He maintains extensive international relations in the Reigning Families, the elite of political, military, and economic circles around the world, carrying out a variety of activities that require frequent travel to different parts of the world. He visits prominent politicians and statesmen, with whom He establishes reliable contacts and personal connections. He is an official guest of Generalissimo Chiang Kai-shek, whom the King honored with the Grand Cross of the St. Alexander Royal Order, the President of the Philippines Marcos, the US Secretary of State, and many others.
In 1983, as executor of his uncle’s will, King Umberto II of Italy, King Simeon handed over to the Vatican the ownership of the Shroud of Turin.
He visited the Holy Land, where he was welcomed by Patriarch Benedict of Jerusalem who honored him with the Grand Cross of the Order of the Holy Sepulchre. In Israel, the King met with the Bulgarian Jewish community who expressed their gratitude and admiration for King Boris who gave even his life for their salvation.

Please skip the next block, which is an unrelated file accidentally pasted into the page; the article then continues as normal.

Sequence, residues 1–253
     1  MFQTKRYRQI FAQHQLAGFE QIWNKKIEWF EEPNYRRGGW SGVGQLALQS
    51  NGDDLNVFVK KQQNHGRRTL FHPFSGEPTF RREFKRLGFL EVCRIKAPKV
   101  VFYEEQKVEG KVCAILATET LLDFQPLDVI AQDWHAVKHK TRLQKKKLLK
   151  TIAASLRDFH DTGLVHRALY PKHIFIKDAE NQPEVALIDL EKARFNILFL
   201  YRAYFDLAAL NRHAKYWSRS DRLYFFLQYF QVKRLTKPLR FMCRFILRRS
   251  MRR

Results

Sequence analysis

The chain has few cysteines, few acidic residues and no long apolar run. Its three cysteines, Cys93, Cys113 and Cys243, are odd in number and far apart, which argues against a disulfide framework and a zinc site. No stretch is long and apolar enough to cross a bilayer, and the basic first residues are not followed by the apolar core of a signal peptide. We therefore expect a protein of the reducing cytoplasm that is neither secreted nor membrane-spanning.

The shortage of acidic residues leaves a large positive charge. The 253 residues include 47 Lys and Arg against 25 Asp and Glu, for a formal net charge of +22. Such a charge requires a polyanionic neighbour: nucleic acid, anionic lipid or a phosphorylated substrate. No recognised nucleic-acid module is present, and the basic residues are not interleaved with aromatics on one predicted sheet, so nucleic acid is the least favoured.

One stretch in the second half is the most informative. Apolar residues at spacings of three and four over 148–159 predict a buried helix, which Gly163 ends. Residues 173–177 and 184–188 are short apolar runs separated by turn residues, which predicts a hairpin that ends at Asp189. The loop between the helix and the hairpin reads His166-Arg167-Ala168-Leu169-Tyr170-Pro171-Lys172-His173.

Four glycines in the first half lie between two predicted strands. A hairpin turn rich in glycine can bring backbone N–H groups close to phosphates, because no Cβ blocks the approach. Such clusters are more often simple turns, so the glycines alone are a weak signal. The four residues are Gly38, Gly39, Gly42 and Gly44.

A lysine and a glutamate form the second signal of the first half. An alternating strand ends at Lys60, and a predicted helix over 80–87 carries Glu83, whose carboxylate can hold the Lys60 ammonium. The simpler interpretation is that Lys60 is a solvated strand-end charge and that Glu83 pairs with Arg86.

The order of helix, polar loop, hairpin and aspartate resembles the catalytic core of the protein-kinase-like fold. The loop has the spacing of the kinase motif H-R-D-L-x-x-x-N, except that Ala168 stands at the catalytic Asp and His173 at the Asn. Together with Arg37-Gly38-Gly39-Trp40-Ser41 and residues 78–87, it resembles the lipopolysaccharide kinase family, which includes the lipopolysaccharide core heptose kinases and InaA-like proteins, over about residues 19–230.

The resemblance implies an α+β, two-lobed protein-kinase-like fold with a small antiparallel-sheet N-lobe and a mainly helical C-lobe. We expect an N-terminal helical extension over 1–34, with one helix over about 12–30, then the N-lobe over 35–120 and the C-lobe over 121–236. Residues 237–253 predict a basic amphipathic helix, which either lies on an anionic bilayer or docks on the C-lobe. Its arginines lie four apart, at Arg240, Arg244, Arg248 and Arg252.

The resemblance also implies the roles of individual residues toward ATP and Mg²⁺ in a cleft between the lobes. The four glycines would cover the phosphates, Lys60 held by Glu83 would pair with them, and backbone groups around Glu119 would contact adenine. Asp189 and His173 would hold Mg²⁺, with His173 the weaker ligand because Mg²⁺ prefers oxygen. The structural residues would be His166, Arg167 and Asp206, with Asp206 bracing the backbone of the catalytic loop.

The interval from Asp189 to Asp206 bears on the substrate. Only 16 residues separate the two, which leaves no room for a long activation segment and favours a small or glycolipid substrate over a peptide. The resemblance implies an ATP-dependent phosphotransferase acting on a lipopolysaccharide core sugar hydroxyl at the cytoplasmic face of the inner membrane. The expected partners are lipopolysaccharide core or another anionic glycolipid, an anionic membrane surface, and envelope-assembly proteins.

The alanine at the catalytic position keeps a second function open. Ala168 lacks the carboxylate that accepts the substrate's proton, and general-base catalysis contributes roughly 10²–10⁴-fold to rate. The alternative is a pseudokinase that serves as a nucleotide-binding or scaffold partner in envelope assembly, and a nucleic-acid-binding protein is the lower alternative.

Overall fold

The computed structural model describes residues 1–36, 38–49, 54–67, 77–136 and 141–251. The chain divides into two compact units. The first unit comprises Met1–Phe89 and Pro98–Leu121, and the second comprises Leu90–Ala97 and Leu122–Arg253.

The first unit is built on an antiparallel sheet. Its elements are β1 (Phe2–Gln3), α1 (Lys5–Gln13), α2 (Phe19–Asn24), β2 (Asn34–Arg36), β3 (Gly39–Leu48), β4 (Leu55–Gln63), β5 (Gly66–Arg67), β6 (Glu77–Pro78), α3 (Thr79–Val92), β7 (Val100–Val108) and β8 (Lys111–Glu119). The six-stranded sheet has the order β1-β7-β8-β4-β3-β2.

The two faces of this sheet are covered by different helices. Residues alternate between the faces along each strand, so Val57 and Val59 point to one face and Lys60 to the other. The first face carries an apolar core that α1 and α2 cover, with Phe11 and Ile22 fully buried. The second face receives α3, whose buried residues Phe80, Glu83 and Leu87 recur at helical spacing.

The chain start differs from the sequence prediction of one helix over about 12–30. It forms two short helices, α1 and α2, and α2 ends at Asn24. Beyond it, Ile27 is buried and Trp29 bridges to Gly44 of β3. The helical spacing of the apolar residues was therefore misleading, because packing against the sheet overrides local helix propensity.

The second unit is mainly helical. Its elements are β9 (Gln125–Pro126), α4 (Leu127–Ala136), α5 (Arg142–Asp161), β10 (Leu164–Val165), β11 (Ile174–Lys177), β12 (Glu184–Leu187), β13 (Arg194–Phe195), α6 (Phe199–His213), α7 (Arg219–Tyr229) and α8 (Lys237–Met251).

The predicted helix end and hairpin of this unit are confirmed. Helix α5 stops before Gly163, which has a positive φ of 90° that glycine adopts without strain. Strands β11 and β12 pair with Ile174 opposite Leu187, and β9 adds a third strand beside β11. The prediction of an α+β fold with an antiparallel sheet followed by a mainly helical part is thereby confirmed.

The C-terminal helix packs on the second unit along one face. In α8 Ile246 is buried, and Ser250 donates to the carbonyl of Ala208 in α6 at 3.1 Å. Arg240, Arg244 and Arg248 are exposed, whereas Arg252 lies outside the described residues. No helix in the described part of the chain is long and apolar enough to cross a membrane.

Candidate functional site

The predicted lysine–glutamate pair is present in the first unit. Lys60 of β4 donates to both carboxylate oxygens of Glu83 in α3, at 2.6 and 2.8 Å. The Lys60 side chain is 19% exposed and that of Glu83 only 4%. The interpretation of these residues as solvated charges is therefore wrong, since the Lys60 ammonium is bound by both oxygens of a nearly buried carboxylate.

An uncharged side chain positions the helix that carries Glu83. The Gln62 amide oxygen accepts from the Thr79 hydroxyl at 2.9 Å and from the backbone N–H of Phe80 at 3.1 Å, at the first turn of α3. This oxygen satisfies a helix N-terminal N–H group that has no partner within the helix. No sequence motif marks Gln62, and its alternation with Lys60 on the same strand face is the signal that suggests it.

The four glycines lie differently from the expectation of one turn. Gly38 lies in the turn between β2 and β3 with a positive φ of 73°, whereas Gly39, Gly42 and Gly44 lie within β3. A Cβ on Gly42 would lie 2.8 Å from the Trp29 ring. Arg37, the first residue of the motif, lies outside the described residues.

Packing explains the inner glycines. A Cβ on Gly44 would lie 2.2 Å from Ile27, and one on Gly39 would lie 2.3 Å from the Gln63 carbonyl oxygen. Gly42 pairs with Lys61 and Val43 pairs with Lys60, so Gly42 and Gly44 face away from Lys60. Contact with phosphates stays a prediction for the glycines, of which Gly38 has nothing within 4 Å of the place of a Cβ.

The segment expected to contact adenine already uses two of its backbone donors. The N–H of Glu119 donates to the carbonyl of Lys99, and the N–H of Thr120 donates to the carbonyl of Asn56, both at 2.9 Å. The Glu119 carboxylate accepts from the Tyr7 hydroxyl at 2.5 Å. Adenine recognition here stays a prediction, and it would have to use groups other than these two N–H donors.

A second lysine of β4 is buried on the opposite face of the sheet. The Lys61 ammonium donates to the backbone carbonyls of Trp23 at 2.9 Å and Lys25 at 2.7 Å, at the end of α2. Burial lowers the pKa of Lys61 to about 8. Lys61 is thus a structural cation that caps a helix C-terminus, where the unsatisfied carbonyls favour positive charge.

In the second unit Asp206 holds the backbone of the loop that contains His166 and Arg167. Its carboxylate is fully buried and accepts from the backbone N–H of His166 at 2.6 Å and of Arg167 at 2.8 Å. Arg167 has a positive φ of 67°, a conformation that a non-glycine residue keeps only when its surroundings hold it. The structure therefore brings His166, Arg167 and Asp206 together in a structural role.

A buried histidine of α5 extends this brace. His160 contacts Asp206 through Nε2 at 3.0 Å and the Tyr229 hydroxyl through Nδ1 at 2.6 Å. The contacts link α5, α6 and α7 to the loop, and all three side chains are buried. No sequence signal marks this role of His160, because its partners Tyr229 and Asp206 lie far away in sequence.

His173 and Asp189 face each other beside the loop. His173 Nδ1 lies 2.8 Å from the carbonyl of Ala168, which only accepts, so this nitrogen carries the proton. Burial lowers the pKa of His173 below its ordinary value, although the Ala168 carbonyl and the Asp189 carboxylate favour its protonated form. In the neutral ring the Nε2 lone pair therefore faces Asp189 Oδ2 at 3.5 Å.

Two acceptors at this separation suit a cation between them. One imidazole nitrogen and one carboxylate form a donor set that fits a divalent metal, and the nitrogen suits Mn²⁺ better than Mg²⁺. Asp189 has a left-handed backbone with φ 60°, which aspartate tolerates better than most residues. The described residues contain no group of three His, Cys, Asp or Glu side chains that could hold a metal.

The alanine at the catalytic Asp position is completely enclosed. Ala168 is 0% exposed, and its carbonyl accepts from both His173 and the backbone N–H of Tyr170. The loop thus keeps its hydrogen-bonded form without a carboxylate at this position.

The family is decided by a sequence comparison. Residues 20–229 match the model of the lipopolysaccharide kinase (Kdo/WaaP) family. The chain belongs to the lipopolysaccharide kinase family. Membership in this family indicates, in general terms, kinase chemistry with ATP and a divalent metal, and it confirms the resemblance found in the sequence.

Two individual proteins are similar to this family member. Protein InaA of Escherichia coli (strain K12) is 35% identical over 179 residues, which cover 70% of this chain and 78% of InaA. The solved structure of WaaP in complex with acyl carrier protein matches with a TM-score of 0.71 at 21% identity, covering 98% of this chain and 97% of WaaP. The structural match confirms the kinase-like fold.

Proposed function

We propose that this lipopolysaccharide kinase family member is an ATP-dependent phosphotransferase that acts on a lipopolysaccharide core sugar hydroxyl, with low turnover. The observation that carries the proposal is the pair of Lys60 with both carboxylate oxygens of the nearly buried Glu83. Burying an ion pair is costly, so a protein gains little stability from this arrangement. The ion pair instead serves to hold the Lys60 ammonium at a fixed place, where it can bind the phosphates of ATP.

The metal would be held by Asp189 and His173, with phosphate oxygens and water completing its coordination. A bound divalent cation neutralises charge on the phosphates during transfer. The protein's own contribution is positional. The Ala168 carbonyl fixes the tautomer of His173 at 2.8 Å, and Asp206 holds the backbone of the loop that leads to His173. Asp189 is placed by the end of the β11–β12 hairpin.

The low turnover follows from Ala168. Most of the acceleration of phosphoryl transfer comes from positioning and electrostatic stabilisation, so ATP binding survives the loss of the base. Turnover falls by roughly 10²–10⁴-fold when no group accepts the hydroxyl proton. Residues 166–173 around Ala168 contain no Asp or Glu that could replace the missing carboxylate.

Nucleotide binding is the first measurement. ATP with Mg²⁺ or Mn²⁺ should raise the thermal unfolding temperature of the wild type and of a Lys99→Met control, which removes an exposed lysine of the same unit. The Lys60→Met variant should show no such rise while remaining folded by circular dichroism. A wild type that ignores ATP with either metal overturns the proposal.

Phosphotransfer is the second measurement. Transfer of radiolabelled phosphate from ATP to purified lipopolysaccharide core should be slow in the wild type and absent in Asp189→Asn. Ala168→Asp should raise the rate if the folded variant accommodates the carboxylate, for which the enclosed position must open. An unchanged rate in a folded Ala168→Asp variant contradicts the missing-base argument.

The King and Queen travel tens of thousands of kilometers to meet the Bulgarians living in Chicago, Toronto, Washington, New York; in the European capitals, Scandinavia, and the hundreds of Bulgarians scattered on refugee camps in Italy, Germany, Greece. In the office at his home in Madrid, the King opened a non-official service of the Red Cross to help Bulgarians around the world. Hundreds of letters of gratitude for the help and support by the Royal Family are currently stored in the archives at the Vrana Palace.
He is cordially received by the monarchical families of Europe because of his personal qualities and position, besides the kinship. He visited Queen Elizabeth in Balmoral and Windsor, the Royal Families of Sweden, Denmark, Belgium, the Netherlands, Luxembourg, Greece. He is related to most of them by blood, either on the part of the Saxe-Coburg-Gotha dynasty or, on the part of Savoy, Bourbon, and Orleans. In addition to his native Bulgarian, King Simeon II speaks excellent English, French, German, Italian and Spanish, and is an independent user of Arabic and Portuguese.